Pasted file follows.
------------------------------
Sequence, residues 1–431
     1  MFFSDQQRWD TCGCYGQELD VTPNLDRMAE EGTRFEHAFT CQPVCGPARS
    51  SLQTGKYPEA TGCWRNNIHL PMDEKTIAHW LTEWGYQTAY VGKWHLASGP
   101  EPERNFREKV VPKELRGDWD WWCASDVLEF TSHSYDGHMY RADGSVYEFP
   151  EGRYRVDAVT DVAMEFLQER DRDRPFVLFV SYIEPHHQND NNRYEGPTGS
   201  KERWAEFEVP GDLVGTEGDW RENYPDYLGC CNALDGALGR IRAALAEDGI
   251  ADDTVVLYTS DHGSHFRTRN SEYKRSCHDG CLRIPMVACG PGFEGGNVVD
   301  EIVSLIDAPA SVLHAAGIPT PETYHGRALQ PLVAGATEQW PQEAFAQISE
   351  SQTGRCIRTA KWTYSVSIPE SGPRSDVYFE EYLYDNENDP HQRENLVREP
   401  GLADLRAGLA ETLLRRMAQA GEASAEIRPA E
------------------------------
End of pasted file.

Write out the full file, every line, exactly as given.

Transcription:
Sequence, residues 1–431
     1  MFFSDQQRWD TCGCYGQELD VTPNLDRMAE EGTRFEHAFT CQPVCGPARS
    51  SLQTGKYPEA TGCWRNNIHL PMDEKTIAHW LTEWGYQTAY VGKWHLASGP
   101  EPERNFREKV VPKELRGDWD WWCASDVLEF TSHSYDGHMY RADGSVYEFP
   151  EGRYRVDAVT DVAMEFLQER DRDRPFVLFV SYIEPHHQND NNRYEGPTGS
   201  KERWAEFEVP GDLVGTEGDW RENYPDYLGC CNALDGALGR IRAALAEDGI
   251  ADDTVVLYTS DHGSHFRTRN SEYKRSCHDG CLRIPMVACG PGFEGGNVVD
   301  EIVSLIDAPA SVLHAAGIPT PETYHGRALQ PLVAGATEQW PQEAFAQISE
   351  SQTGRCIRTA KWTYSVSIPE SGPRSDVYFE EYLYDNENDP HQRENLVREP
   401  GLADLRAGLA ETLLRRMAQA GEASAEIRPA E